There is really nothing wrong with the above concept, especially in a traditional school setting where academics are the only basis for intelligence. In the first place, there is nothing else to test the students in since a traditional school does not normally bother with the other intelligences as theorized by Howard Gardner. Besides, academic competencies are quite readily measurable. Teachers and parents are familiar with the measurements and also with the outcomes. Simple question and answer quizzes will easily determine the top child in every competition.

However, in an MI context like the one Eastbridge is operating in, the above concept easily breaks down. Not that it is altogether excluded but rather, the traditional measurements of competency and/or intelligence has expanded and also expanded extensively. Suddenly, contests like puzzles, lego construction, clay modeling and others are included. Most parents don't know what to think about these other categories. Many dismiss them as intermission numbers designed to create a break in the program and nothing more. Thus, these other categories are less appreciated and sometimes even spurned. Let me make this clear to every one who happens to be reading this that these other contests are designed to highlight the other intelligences in the MI Theory. As such they are not inferior contests nor less important competitions. This brings me to the second  misconception.

Misconception No. 2: Contestants in academic subjects, like English, Math, etc. are more intelligent than those who are in the other MI categories. Stated differently, a clay modeling (or other MI category) contest is for less intelligent children only.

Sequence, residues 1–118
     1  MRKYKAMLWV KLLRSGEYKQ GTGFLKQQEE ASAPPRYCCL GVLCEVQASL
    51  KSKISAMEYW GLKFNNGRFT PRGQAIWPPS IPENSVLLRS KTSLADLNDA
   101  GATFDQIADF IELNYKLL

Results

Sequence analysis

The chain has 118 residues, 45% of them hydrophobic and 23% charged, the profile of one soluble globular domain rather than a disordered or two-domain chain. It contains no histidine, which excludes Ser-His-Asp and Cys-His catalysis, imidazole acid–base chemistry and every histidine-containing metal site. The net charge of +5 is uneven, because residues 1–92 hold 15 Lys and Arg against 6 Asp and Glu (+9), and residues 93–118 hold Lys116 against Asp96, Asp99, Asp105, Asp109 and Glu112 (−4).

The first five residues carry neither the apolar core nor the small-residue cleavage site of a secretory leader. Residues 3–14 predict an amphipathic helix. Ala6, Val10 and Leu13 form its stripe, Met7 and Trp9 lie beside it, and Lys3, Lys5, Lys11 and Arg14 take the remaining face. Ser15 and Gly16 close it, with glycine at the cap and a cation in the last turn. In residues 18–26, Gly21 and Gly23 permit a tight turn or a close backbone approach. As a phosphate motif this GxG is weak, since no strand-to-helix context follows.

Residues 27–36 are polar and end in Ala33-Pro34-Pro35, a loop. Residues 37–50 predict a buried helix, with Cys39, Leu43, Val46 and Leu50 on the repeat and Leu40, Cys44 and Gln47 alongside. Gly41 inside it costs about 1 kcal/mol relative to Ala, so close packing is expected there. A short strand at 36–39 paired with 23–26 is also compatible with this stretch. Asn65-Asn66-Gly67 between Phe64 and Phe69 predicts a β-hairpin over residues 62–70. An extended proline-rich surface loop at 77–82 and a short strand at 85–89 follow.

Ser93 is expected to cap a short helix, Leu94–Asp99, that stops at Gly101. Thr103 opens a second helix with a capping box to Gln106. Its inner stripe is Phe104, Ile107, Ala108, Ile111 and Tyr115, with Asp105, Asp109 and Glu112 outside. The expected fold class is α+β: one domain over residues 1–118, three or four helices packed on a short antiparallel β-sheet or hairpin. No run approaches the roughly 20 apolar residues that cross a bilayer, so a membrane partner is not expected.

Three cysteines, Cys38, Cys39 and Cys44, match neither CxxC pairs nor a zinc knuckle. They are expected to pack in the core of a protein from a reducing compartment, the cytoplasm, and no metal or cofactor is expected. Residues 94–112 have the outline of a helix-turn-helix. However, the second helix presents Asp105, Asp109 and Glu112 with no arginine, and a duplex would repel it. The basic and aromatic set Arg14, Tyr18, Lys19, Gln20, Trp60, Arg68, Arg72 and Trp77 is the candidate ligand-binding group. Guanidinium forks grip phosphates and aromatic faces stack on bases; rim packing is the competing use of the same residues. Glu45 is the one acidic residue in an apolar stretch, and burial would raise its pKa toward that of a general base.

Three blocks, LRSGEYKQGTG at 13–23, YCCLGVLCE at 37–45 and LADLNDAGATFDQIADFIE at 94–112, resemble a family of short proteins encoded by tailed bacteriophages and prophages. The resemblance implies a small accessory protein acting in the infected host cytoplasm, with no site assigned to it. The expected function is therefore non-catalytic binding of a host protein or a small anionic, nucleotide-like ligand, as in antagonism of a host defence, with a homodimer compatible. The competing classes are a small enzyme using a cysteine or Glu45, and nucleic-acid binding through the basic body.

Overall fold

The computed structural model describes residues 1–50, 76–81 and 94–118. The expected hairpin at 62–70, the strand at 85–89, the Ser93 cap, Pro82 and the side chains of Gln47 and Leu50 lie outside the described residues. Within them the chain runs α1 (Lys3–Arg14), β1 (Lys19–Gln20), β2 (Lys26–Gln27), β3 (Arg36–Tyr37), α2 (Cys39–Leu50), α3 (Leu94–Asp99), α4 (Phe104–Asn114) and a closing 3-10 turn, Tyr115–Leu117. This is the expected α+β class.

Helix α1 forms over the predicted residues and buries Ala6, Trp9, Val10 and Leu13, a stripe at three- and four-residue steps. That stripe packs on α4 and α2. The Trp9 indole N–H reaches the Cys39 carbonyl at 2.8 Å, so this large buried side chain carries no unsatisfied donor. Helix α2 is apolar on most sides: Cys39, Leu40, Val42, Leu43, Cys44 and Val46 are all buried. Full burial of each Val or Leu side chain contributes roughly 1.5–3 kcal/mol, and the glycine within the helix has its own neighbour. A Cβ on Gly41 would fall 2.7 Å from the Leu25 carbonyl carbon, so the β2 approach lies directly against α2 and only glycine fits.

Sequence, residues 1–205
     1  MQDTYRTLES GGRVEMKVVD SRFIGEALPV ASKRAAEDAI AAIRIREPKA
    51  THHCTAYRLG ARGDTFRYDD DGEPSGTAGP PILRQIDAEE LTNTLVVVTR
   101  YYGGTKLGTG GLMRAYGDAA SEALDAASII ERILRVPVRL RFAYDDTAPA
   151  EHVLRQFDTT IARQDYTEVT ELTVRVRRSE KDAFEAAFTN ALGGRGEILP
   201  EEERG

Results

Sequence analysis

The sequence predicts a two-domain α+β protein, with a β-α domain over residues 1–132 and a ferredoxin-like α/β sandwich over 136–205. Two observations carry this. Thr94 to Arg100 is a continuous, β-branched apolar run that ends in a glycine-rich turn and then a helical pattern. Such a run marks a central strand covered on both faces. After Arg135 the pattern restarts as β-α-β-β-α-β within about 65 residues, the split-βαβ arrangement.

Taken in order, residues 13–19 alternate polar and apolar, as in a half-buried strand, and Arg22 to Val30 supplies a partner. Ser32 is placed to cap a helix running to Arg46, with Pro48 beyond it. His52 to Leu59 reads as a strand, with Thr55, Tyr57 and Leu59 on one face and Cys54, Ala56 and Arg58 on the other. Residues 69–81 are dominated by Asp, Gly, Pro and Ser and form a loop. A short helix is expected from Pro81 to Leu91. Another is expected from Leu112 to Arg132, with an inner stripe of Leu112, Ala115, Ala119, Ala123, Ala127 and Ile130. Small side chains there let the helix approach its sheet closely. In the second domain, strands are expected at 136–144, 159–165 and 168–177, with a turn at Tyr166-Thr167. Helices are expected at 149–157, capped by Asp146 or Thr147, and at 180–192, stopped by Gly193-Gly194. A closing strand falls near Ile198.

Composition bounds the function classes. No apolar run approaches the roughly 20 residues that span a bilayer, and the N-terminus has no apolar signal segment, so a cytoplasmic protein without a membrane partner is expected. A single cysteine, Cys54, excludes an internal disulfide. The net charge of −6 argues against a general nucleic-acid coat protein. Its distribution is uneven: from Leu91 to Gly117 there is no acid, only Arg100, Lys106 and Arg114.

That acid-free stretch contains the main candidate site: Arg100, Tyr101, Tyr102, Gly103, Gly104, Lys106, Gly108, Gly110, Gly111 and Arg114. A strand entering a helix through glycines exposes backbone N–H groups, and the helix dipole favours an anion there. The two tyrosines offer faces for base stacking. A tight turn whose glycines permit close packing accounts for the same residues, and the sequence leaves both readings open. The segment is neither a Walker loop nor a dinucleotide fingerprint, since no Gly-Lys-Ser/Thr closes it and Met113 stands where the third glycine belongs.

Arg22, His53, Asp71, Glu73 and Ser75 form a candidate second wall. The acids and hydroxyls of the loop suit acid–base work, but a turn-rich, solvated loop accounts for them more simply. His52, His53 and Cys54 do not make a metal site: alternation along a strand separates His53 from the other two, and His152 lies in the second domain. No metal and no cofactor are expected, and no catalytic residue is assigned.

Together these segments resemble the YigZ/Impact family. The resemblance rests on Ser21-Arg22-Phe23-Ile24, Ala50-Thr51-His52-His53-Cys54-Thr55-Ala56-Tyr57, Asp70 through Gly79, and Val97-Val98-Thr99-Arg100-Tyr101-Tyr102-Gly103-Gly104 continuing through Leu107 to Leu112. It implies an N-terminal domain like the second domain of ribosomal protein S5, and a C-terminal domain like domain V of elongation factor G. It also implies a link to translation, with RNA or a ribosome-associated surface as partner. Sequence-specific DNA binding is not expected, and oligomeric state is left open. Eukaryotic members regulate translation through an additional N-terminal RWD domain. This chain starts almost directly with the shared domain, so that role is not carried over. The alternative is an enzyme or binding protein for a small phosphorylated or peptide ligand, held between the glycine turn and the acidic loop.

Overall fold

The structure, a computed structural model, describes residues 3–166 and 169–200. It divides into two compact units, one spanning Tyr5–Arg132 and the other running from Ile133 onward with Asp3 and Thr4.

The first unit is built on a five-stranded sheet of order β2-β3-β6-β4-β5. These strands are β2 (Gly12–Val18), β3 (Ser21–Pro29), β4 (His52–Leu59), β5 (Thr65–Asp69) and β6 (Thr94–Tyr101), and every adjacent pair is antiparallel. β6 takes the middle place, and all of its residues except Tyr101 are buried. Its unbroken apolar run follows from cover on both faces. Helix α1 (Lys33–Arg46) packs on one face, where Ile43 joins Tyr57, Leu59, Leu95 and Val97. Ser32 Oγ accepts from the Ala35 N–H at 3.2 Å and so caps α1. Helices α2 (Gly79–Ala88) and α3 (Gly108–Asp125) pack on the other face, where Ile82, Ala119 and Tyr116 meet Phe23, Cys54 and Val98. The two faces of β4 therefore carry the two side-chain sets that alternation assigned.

If it is not yet obvious to anyone at this point, let me reiterate the principle of MI: Each of the intelligences in the MI Theory is considered an intelligence. Gardner did not make any distinction as to any one of the intelligences to be more superior than another. In other words, a musically intelligent person is no less intelligent than a numerically intelligent person. To compare the two is actually like comparing apples to oranges; they just can't be compared. Each intelligence is a gift all its own. Each has its own strengths and usefulness. If you think a person who can crunch square roots and differentials to be more superior than a gifted singer, wait until you need entertainment and see who becomes more useful. Thus, if your kid is a contestant in solo singing, it is not an inferior contest that he or she is in. The same is true if your child is in a lego construction contest. There, he or she is competing in a visual spatial intelligence where structural balance, stability and appearance are the criteria. It is not, in any way inferior to a science quiz.